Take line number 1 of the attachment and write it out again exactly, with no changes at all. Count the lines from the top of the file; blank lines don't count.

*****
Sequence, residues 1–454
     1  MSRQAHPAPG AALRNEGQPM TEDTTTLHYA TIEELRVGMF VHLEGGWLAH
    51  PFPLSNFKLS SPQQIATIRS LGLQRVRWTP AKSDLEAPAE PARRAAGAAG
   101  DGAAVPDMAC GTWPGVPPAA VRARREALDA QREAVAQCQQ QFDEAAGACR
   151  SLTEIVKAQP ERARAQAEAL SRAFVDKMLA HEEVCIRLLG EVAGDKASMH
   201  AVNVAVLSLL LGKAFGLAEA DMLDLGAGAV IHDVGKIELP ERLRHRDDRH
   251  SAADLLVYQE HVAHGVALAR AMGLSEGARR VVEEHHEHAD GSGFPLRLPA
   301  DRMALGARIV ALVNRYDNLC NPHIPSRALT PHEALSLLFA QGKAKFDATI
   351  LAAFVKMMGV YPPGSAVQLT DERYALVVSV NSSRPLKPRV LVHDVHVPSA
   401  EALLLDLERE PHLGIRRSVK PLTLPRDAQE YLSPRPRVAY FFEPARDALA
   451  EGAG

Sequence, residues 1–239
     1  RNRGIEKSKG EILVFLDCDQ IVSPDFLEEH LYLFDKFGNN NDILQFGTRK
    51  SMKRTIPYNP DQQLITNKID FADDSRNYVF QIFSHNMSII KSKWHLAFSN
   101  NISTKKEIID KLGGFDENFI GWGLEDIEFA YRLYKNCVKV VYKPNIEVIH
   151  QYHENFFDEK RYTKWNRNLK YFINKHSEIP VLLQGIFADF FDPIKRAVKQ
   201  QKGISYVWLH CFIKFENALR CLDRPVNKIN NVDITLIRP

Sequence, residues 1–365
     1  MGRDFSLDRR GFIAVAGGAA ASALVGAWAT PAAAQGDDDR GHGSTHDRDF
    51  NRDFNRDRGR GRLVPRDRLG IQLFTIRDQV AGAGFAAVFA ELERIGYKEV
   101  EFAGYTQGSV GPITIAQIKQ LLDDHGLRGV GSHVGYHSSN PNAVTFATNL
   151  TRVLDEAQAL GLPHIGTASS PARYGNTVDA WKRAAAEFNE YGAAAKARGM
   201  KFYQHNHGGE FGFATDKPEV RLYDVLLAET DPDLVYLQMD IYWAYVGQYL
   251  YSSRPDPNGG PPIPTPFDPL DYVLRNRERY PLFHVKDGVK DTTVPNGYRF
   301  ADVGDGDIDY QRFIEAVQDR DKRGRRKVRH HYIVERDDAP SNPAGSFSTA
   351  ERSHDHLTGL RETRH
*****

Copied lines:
Sequence, residues 1–454